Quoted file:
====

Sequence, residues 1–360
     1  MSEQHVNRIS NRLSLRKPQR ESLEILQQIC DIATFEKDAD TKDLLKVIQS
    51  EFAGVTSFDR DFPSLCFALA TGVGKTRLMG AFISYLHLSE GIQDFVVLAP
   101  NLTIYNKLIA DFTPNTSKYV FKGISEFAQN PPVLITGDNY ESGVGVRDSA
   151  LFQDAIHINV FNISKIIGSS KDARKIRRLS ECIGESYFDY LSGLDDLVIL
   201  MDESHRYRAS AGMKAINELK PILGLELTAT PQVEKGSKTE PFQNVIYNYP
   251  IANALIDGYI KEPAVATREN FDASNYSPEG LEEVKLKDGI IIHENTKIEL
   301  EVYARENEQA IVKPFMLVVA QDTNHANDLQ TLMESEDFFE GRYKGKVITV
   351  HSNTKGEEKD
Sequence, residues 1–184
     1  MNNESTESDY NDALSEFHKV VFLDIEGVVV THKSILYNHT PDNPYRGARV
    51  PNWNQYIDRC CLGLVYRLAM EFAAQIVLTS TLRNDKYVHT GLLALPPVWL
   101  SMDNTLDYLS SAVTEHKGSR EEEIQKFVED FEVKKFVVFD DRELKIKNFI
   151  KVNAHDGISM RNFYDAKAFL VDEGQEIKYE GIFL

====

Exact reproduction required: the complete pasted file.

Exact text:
Sequence, residues 1–360
     1  MSEQHVNRIS NRLSLRKPQR ESLEILQQIC DIATFEKDAD TKDLLKVIQS
    51  EFAGVTSFDR DFPSLCFALA TGVGKTRLMG AFISYLHLSE GIQDFVVLAP
   101  NLTIYNKLIA DFTPNTSKYV FKGISEFAQN PPVLITGDNY ESGVGVRDSA
   151  LFQDAIHINV FNISKIIGSS KDARKIRRLS ECIGESYFDY LSGLDDLVIL
   201  MDESHRYRAS AGMKAINELK PILGLELTAT PQVEKGSKTE PFQNVIYNYP
   251  IANALIDGYI KEPAVATREN FDASNYSPEG LEEVKLKDGI IIHENTKIEL
   301  EVYARENEQA IVKPFMLVVA QDTNHANDLQ TLMESEDFFE GRYKGKVITV
   351  HSNTKGEEKD
Sequence, residues 1–184
     1  MNNESTESDY NDALSEFHKV VFLDIEGVVV THKSILYNHT PDNPYRGARV
    51  PNWNQYIDRC CLGLVYRLAM EFAAQIVLTS TLRNDKYVHT GLLALPPVWL
   101  SMDNTLDYLS SAVTEHKGSR EEEIQKFVED FEVKKFVVFD DRELKIKNFI
   151  KVNAHDGISM RNFYDAKAFL VDEGQEIKYE GIFL